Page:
cinema · GFF22

Film review: The Worst Person in the World

This is the third film in what’s being referred to as Joachim Trier’s ‘Oslo Trilogy’, where the acclaimed writer and director shifts his focus to tell a tale from the female perspective. Co-penned with regular screenwriting partner Eskil Vogt, romantic drama The Worst Person in the World spends four years with Julie (Renate Reinsve), a thirtysomething student who finds herself at a crossroads in life. Deciding to embark on a career in photography and a relationship with older man Aksel (Anders Danielsen Lie), the film tracks her path to self-discovery in a millennial coming-of-age story.

 Divided into a dozen chapters, the narrative provides structure to a protagonist that’s lacking it. With a frank and uncompromising approach, the script explores her thought process without judgement, making decisions that might be perceived as selfish feel justified and very relatable. Trier’s unfiltered storytelling moves like real life where the lines can be blurred between definitively good or bad characters. Julie, like the men in her life, isn’t perfect, and the love triangle that develops is more fluid than those that we’re used to seeing. In a pivotal moment, the film breaks free from authenticity for a freeze-frame fantastical sequence, giving the protagonist the type of opportunity that we, the viewer, might only imagine.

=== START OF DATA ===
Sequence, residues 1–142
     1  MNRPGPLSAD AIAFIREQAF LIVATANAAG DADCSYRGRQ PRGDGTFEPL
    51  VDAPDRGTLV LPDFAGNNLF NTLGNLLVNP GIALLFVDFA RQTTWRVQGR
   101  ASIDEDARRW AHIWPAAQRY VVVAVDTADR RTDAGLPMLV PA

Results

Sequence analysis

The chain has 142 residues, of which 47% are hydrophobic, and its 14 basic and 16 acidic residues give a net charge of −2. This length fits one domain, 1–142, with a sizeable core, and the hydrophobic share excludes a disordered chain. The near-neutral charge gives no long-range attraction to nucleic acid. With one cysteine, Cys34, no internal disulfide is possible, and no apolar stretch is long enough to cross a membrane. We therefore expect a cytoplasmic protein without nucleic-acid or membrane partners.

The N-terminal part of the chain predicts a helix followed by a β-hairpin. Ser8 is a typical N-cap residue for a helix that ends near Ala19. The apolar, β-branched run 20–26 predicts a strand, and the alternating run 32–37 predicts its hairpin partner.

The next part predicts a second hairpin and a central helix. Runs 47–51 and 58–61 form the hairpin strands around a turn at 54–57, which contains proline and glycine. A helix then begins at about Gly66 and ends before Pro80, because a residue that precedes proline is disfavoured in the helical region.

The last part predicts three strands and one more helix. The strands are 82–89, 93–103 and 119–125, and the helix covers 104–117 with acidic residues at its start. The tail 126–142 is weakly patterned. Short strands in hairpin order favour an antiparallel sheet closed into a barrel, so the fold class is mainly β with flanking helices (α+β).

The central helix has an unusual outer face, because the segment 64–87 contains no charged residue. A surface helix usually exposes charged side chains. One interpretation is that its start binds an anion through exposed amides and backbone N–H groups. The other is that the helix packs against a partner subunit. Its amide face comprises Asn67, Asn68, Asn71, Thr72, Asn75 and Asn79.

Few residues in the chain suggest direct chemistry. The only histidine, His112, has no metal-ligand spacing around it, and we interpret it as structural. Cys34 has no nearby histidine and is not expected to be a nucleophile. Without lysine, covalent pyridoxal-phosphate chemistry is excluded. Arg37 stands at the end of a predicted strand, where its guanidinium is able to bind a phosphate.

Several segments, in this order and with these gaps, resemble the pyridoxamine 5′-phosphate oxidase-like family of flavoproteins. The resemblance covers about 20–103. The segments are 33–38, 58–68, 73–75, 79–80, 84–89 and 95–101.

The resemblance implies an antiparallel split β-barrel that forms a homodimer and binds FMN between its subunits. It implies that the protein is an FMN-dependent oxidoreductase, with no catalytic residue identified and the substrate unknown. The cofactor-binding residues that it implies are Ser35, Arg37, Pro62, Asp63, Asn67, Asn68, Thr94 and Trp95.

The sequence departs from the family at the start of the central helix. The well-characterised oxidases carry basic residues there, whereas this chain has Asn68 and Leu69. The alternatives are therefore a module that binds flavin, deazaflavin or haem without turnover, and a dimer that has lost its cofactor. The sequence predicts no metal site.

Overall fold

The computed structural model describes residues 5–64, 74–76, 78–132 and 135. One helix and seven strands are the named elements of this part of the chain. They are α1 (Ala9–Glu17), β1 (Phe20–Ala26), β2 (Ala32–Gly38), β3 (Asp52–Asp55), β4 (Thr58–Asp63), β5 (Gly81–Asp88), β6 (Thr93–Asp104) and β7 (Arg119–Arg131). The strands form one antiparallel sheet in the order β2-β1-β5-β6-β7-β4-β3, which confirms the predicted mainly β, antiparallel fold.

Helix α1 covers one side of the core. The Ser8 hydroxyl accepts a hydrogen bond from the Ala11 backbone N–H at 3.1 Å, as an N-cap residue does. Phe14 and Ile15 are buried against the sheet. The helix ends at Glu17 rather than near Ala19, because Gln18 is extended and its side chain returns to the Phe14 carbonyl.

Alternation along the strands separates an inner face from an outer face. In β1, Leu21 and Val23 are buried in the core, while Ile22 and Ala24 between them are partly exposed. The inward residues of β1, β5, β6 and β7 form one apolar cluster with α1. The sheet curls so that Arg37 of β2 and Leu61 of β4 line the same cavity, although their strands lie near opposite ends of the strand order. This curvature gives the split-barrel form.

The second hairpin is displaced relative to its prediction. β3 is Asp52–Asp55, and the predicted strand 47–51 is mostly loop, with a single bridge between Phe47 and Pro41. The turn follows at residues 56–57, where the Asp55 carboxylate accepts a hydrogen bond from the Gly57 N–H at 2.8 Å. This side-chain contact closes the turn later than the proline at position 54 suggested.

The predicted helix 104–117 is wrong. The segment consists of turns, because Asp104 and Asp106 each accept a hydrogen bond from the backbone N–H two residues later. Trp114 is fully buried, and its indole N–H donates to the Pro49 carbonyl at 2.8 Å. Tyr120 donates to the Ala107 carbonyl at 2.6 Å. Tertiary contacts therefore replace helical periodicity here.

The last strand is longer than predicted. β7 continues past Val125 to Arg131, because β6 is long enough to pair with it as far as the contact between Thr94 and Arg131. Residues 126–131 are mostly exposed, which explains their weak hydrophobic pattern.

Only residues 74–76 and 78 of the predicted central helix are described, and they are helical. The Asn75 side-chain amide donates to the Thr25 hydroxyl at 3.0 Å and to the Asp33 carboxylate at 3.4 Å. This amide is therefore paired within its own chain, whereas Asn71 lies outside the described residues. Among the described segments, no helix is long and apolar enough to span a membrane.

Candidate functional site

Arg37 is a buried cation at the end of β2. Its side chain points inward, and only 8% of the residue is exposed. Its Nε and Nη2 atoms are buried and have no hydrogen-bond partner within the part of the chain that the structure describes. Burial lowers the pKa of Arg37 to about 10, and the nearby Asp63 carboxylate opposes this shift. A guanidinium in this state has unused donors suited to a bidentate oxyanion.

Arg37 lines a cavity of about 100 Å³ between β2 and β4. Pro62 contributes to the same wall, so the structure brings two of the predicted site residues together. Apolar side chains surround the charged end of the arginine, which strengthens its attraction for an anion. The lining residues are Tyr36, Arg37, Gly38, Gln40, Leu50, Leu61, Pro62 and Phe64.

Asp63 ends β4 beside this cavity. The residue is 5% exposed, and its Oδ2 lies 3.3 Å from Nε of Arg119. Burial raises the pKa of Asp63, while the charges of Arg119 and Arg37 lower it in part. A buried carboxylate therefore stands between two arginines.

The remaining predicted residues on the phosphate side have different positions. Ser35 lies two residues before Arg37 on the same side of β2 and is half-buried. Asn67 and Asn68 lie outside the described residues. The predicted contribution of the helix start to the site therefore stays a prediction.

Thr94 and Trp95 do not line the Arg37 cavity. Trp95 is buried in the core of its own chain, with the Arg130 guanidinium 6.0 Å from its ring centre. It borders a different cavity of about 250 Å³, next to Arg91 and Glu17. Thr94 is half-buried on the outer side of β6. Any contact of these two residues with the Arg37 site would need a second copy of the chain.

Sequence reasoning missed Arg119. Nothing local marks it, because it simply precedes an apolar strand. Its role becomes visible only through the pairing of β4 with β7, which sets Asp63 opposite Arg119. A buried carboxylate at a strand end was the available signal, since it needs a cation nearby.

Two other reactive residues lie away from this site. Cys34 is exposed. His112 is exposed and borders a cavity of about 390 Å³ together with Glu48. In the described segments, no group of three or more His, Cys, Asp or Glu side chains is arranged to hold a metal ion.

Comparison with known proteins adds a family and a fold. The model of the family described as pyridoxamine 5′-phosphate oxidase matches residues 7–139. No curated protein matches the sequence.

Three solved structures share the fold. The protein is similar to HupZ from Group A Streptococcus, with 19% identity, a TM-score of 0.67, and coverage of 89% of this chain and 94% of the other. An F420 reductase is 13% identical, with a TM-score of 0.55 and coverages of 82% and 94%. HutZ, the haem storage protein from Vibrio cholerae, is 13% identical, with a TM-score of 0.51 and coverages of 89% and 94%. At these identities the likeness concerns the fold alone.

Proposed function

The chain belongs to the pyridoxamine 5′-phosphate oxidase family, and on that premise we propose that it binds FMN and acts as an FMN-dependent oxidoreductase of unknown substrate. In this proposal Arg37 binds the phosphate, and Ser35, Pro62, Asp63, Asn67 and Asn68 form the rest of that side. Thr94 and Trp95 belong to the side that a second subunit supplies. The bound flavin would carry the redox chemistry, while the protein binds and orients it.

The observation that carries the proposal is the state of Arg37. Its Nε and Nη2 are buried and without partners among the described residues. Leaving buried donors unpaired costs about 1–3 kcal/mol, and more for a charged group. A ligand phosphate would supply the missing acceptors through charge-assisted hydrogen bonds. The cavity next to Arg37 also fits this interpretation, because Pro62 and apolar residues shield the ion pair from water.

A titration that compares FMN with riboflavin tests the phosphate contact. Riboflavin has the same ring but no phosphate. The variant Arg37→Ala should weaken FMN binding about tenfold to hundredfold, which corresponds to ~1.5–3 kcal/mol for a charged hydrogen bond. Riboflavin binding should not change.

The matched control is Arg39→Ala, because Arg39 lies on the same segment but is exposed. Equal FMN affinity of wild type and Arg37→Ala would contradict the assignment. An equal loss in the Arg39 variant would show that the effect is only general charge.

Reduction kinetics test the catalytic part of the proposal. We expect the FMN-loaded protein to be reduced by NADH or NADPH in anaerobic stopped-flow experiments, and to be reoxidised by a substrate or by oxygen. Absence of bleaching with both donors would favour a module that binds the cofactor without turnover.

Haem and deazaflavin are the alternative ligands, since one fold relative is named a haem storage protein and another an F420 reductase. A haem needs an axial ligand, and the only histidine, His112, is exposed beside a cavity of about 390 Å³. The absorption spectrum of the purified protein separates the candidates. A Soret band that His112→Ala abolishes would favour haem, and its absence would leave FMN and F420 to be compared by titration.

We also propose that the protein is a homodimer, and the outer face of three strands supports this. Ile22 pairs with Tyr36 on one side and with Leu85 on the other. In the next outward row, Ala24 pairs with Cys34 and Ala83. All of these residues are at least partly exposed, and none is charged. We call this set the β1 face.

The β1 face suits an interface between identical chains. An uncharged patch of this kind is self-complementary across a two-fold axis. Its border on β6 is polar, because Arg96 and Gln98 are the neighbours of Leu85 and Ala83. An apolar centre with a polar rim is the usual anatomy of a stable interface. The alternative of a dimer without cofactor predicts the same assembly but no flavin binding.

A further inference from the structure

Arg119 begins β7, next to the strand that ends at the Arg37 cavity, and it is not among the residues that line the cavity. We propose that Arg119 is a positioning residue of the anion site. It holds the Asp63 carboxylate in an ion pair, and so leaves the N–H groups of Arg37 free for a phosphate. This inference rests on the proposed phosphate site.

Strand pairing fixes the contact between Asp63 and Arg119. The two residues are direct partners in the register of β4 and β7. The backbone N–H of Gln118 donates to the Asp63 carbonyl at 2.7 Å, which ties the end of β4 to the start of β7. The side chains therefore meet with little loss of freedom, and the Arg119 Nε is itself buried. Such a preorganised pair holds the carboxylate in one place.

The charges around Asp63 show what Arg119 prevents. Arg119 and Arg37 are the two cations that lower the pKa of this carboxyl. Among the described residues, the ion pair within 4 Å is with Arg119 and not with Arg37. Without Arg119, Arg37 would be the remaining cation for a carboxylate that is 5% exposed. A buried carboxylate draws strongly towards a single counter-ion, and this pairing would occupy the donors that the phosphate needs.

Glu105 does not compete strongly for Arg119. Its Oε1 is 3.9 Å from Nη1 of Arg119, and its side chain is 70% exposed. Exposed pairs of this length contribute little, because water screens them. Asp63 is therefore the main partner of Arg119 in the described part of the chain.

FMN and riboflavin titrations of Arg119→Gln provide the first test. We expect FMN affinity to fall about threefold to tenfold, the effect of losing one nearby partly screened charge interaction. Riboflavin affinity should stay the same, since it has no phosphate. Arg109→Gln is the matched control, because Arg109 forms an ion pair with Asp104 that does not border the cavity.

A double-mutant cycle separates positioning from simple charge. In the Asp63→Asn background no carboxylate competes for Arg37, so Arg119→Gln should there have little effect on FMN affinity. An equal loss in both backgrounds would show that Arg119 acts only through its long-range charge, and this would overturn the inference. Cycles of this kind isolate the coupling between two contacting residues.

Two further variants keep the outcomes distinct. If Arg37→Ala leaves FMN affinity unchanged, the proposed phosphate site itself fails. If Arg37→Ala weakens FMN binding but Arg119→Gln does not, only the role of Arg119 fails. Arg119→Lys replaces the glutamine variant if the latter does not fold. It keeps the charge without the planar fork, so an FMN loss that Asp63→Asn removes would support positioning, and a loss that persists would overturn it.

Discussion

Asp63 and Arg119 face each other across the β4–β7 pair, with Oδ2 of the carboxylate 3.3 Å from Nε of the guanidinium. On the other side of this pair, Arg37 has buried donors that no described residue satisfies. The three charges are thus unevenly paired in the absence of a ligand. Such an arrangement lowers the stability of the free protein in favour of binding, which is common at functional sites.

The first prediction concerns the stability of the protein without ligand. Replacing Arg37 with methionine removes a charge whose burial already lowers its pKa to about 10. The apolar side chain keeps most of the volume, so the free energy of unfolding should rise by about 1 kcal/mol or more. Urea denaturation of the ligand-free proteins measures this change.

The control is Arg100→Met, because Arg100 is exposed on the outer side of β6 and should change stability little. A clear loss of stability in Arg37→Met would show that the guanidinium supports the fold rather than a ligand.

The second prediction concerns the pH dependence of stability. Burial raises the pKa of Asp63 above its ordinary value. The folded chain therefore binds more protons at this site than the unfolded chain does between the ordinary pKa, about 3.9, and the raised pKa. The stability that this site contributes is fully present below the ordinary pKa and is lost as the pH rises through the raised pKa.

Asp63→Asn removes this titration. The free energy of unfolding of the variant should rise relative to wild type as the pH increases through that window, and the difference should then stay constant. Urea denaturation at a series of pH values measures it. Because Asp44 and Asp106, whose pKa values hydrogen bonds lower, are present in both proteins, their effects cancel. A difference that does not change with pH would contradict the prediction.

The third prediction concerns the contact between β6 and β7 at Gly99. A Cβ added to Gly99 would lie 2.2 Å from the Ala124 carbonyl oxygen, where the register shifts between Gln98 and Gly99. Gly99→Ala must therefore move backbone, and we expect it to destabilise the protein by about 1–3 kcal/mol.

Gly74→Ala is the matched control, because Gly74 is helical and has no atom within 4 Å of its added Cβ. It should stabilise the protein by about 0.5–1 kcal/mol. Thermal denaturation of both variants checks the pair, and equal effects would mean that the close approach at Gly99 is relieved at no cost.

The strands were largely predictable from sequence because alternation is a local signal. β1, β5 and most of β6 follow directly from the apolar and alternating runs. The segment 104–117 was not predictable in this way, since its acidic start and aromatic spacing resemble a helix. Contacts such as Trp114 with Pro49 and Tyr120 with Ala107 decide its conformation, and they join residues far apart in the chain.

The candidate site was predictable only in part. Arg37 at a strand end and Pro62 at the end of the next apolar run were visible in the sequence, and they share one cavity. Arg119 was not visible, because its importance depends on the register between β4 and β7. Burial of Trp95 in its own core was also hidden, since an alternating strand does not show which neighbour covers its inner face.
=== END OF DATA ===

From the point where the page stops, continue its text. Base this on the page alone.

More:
Renate Reinsve made her screen debut under the direction of Trier over a decade ago, and now takes centre stage with a wonderful leading turn. It’s not the big dramatic performance that you might expect from an impulsive character such as Julie; instead, she has a nuanced contemporary quality and is always likeable despite her faults and her less-than-glowing opinion of herself; the self-proclaimed titular worst person in the world. Danielson Lie also has previous with the filmmaker, having appeared in the other two films of the aforementioned ‘Oslo Trilogy’. He is also very good, though his supporting role does feel written only as a device to serve Julie’s development, as she reacts to his various episodes.

 Presenting a refreshing modern-day slant on the genre, The Worst Person in the World is a romance dramedy that should have universal appeal. Trier has completed his triptych of Nordic tales with a flourish, and a winning portrayal from Renate Reinsve turns ordinary problems into extraordinary cinema.

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